"Hub centric rings are rings that cover the spacing between the center bore of an aftermarket wheel to the hub of the vehicle. In certain cases aftermarket wheels usually have a standard center bore size to accommodate a wide variety of vehicles. There are different sizes of hub centering rings and they are measured in millimeters which are available through the dealer who sold the wheels. Hub centric rings are important because they secure the wheel in place, and they ensure that the wheels are perfectly centered on the vehicle’s hub. This helps to prevent any type of vibration issue."


Every pair of rims I've ever bought from tire rack comes with these rings, whether they were for my s2000, Pilot or Ridgeline - or any of the other 20+ Hondas I've owned. Also lube changes tq values, you would never use it between a wheel and hub as it could get between the matting surfaces.

I don't care for tinted windows as they reduce visibility and are a cop magnet, also the cargo cover intrudes on the height of the cargo area obviously which is often packed roof to ceiling.

I'm not sure exactly where I will put the spare however in going from 26.3 inch standard tires to 27.6 inch AT tires I would need a larger tire anyway for the AWD to function properly, so it will have to go outside the well or I would need fabrication. I am thinking of using the spare kit in town and putting it in the cargo area for desert trips, or getting a roof rack for a spare tire carrier off the tow hitch, which I could also use for a mt bike.
 

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I keep a $1500 drone in a pelican box behind the driver seat. The privacy glass does a fine job of protecting it. Absolutely no one can see it. I don’t think privacy glass on the sides in the back of an SUV is in any way, shape, or form a safety problem.
 
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Discussion Starter #5
Leaving anything of value in the back of a car in socal unattended is foolish, last night I watched a group of people talking around my car at my local pizza place start peeking into the windows, an unfortunate side effect of the shift in city policy that has brought in drug dealers and the tweakers they serve. We also now have porch pirates and several cars have come up missing registration and other items on my block, I've even noticed finger prints on my rear door handles now a couple times after they were just cleaned. I keep my ready bag behind the passenger seat but remove it every night.

Privacy glass is typically 5% - I don't see how blocking 95% of what you could see out of those windows all the time is not a safety issue, I understand why people do it but there are too many road sprinters around these days. Also it's alot faster for the tweakers to smash the glass in than try to look through it at night.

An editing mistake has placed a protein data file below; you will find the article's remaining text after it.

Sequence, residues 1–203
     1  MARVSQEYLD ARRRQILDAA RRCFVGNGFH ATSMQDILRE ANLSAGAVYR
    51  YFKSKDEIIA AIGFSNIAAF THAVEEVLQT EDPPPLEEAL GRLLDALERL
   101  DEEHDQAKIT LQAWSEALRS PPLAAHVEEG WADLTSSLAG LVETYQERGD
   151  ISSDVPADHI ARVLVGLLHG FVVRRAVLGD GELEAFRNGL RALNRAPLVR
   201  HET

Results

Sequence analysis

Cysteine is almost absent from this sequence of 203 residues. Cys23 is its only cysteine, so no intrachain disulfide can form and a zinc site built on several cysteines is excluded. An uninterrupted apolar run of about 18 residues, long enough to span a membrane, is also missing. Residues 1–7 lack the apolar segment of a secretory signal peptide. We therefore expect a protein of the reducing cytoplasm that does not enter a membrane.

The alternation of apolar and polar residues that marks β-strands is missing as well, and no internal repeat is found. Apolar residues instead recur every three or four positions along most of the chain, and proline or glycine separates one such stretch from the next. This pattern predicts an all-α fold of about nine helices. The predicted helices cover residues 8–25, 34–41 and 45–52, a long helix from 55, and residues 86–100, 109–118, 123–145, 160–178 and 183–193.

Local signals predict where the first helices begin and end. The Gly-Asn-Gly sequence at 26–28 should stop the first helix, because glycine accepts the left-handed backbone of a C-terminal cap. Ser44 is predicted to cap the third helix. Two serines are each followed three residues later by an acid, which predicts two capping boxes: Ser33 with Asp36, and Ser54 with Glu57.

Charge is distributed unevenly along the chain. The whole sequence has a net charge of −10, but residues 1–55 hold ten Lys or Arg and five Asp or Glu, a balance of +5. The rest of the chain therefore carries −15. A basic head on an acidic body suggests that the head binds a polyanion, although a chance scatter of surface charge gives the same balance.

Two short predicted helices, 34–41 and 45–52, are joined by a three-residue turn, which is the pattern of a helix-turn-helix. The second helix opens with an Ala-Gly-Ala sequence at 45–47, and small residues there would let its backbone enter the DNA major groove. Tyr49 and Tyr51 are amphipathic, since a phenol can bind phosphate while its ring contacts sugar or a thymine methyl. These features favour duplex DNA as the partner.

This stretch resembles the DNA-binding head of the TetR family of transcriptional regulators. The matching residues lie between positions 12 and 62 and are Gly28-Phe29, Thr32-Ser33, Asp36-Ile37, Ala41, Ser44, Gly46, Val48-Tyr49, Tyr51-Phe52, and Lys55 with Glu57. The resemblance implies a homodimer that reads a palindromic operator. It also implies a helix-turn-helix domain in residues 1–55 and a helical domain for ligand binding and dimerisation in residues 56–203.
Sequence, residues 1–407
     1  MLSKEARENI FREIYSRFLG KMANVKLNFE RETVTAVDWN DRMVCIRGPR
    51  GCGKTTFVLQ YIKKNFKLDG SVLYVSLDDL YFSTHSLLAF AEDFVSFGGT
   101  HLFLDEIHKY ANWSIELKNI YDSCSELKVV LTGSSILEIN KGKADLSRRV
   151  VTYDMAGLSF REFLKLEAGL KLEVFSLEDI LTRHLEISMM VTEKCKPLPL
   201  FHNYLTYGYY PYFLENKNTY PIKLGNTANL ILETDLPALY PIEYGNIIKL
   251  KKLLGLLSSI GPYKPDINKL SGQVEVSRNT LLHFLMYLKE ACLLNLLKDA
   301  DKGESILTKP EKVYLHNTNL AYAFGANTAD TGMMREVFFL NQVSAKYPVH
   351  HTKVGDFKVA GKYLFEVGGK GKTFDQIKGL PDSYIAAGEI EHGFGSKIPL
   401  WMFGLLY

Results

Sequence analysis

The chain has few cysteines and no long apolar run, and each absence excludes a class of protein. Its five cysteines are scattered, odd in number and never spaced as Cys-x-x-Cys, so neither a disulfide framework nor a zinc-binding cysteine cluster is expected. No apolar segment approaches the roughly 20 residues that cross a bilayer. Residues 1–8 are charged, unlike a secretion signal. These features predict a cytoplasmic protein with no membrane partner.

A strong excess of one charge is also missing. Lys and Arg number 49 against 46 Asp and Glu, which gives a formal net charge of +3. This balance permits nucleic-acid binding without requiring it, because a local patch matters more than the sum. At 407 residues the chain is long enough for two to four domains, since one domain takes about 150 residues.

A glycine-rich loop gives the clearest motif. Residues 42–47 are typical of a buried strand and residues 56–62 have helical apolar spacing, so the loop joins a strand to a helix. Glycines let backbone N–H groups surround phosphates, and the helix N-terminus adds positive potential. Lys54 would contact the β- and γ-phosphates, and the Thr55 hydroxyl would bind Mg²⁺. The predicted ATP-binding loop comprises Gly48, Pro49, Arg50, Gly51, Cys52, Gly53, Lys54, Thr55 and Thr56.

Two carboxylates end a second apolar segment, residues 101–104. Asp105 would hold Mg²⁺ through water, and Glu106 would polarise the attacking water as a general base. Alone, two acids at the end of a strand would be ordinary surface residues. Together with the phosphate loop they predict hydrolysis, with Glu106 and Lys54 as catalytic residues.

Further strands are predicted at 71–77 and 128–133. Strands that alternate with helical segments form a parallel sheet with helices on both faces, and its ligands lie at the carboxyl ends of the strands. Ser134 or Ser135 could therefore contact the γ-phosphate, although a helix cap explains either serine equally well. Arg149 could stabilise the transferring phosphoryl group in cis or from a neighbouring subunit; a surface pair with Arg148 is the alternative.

I used to have a small fleet of vehicles that did executive transportation and we had a special window coating that acted like 1 way glass but the vehicles were registered in a state where it was legal. I'll probably be moving to middle Florida and then new Hampshire in the next year so that might all change.
 

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Just put a black cloth over any cargo you want to hide. No one will be able to see if there is anything through the privacy glass in the back.
 

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Discussion Starter #7 (Edited)
I do have some dark grey kind of velvet for when I sleep in the back, but I don't want to tint the windows - I also found out driving my dads car cross country a few months ago - going through border control between some states is so much easier when they can look right into the back, I started rolling down the front windows even. Next year I plan to travel quite a bit more with firearms, which I disassemble for travel so as to not technically be classified as weapons. Unfortunately civil forfeiture laws and just broke ass cops make some of the stuff I travel with tempting to confiscate and disappear - also California laws are pretty arcane and I always want to be on the right side of them - but I am not going to tell a police officer there is a weapon in the car if it's in a condition to that makes it non functioning. Last weekend I actually talked with some friends who are LEO and one of them suggested that I now even remove the bolts and put them in the glove box completely separate, so I am doing that as well.

I think it's gone off the rails though, this will probably be an empty space if I go to a larger tire so I am looking for ideas on how to use it, not so much hide cargo necessarily. Even my big Pelican that fits everything I am considering replacing with a yellow or orange version - Most people think the black one contains a turn table or drone so I can walk around with it, having a brighter one will make air travel easier though as it's harder for them to lose....I worked at an airport for a year, I know how that happens...it is rated for air travel and could be thrown off a building probably.